On September 24, 2021, the Safer Federal Workforce Task Force issued its “Guidance for Federal Contractors and Subcontractors,” (the “Guidance”) setting forth the COVID-19 safeguards that are to be required of federal contractors pursuant to President Biden’s executive order (the “Order”) announced earlier in September. Federal agencies generally must include a clause mandating compliance with the Guidance by both prime contractors and all tiers of subcontractors in new or renewed contracts beginning on October 15, 2021. Federal contractors and subcontractors should review their contracts or contract solicitations to determine if and when the Guidance has been incorporated.
The Guidance includes a wide-reaching vaccine mandate. Key questions addressed by the Guidance include:
What employees are covered? The Guidance broadly requires that the following employees be fully vaccinated on or before December 8, 2021 unless they qualify for a disability or religious accommodation: (1) all employees working “on or in connection with” the applicable federal contract (including remote workers), and (2) all employees that work at a worksite where at least one employee works on or in connection with a federal contract, regardless of whether those employees are themselves working on the contract.
What does it mean to be “fully-vaccinated”? Employees are considered to be fully-vaccinated two weeks after having received the second dose in a two-dose series (i.e., Pfizer and Moderna vaccines), or two weeks after they have received a single-dose vaccine (i.e., the Johnson & Johnson vaccine). Thus, employees must have received their last shot on or before November 24, 2021 in order to meet the Guidance’s deadline.
What must employers do to confirm vaccination status? Employers may not just rely on an employee’s unsubstantiated affirmation that they have been vaccinated. Employers must require employees to show or provide official documentation (i.e., CDC vaccination card) confirming that the employees are fully vaccinated. Digital copies of such documentation (digital photograph, scanned image, etc.) are acceptable. There is no specific requirement that employers maintain copies of these documents, although employers need to consider how they would prove compliance in the case of an audit.
Must employers consider disability or religious accommodations? Yes. The Guidance provides that federal contractors must comply with the Americans with Disabilities Act and Title VII and provide reasonable accommodations to employees who are not vaccinated against COVID-19 because of a disability or because of a sincerely held religious belief. The Guidance further states that it is up to the federal contractor to consider the accommodation request and determine what accommodation, if any, must be offered. The Guidance offers no further direction as to what types of accommodations would be “reasonable” in this context, including no limiting as to the scope of appropriate accommodation requests.
What about states that seek to prohibit compliance? Per the Guidance, the Order and Guidance supersede any contrary state or local law, rule, order, etc. Of course, if there is a more protective state law, rule, order, etc., federal contractors still must comply with that/those provision(s).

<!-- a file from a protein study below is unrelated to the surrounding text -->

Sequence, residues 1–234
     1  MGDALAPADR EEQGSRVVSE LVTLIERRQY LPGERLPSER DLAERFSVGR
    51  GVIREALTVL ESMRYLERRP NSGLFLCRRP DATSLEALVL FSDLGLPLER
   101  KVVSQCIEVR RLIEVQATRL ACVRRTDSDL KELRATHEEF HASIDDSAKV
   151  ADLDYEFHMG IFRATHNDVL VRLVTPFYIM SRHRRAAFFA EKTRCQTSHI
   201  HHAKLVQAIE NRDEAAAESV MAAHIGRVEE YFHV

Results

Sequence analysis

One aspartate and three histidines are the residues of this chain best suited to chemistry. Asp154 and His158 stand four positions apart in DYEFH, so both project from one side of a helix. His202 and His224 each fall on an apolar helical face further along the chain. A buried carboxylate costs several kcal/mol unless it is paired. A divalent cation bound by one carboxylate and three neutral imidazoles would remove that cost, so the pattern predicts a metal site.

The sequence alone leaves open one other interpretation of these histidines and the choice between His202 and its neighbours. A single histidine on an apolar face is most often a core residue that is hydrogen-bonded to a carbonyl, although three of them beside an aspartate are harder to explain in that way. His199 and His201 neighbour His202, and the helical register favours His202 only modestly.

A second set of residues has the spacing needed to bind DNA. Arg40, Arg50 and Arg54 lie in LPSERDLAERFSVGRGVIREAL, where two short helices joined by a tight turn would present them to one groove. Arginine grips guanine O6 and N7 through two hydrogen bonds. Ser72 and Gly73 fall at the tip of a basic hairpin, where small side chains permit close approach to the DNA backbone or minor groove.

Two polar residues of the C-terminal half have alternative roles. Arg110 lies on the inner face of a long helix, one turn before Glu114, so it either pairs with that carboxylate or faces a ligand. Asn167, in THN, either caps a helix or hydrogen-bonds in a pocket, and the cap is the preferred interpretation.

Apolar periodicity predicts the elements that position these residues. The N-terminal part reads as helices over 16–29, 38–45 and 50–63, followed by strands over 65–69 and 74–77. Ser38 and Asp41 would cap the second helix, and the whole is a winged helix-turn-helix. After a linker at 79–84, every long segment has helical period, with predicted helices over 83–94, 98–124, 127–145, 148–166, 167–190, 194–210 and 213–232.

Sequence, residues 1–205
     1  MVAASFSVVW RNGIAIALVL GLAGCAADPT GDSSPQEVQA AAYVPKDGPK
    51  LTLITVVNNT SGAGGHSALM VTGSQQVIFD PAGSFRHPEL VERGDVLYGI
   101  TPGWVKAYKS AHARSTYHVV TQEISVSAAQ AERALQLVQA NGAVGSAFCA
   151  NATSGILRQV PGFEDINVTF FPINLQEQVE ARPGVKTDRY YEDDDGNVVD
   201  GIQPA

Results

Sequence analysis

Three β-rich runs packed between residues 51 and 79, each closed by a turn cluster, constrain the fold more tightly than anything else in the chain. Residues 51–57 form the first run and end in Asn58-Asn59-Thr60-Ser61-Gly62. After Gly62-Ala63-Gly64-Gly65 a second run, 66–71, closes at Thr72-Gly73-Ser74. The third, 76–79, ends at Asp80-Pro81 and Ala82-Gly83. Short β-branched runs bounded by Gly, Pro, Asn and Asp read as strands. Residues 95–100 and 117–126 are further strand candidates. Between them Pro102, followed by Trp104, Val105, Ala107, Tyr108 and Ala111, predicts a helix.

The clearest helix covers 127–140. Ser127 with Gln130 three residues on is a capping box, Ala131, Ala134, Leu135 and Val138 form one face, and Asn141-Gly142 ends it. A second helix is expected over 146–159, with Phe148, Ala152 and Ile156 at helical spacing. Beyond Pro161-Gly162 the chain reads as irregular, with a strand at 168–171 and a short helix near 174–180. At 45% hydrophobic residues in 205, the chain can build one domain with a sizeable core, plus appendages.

The Guidance also requires that federal contractors comply with the CDC’s most recent guidance for masking and physical distancing. This includes, but is not limited to, all employees and visitors (regardless of vaccination status) wearing masks in indoor settings in areas of high or substantial community transmission unless an employee is in a private, enclosed office. Unvaccinated employees and visitors must wear masks regardless of community transmission, including in certain outdoor settings. Contractors must review the CDC’s data tracker website at least weekly for community transmission information, and even if a high/substantial level is reduced, must maintain certain protocols until that reduction is sustained for at least two consecutive weeks. Please see our article on the CDC guidance for more information.
Designation of COVID-19 Workplace Safety Coordinator
A final requirement in the Guidance is that federal contractors must designate an individual (or multiple individuals) to coordinate implementation of and compliance with the Guidance. The coordinator will be responsible for communicating the Guidance’s requirements and the contractor’s other safety protocols to the contractor’s employees and visitors to the contractor’s covered worksites.
The Biden Administration’s directive to its agencies is to push the Guidance through its contracts as widely as possible. Federal contractors should anticipate that clauses mandating the Guidance will be incorporated into their new or renewed contracts in the near future. And federal subcontractors should expect that their prime contractor partners to take steps to confirm compliance. Although the Guidance is silent with respect to the consequences of non-compliance, covered contractors who fail to adhere to the Guidance will be in breach of their contractual obligations to the government (or their prime contractor partner(s)). Such a breach, both practically and legally, could have a significant impact on a contractor’s federal government work. As such, employers who are or are considering doing business with the federal government (whether as a direct contractor or subcontractor) should closely review and plan on implementing the Guidance.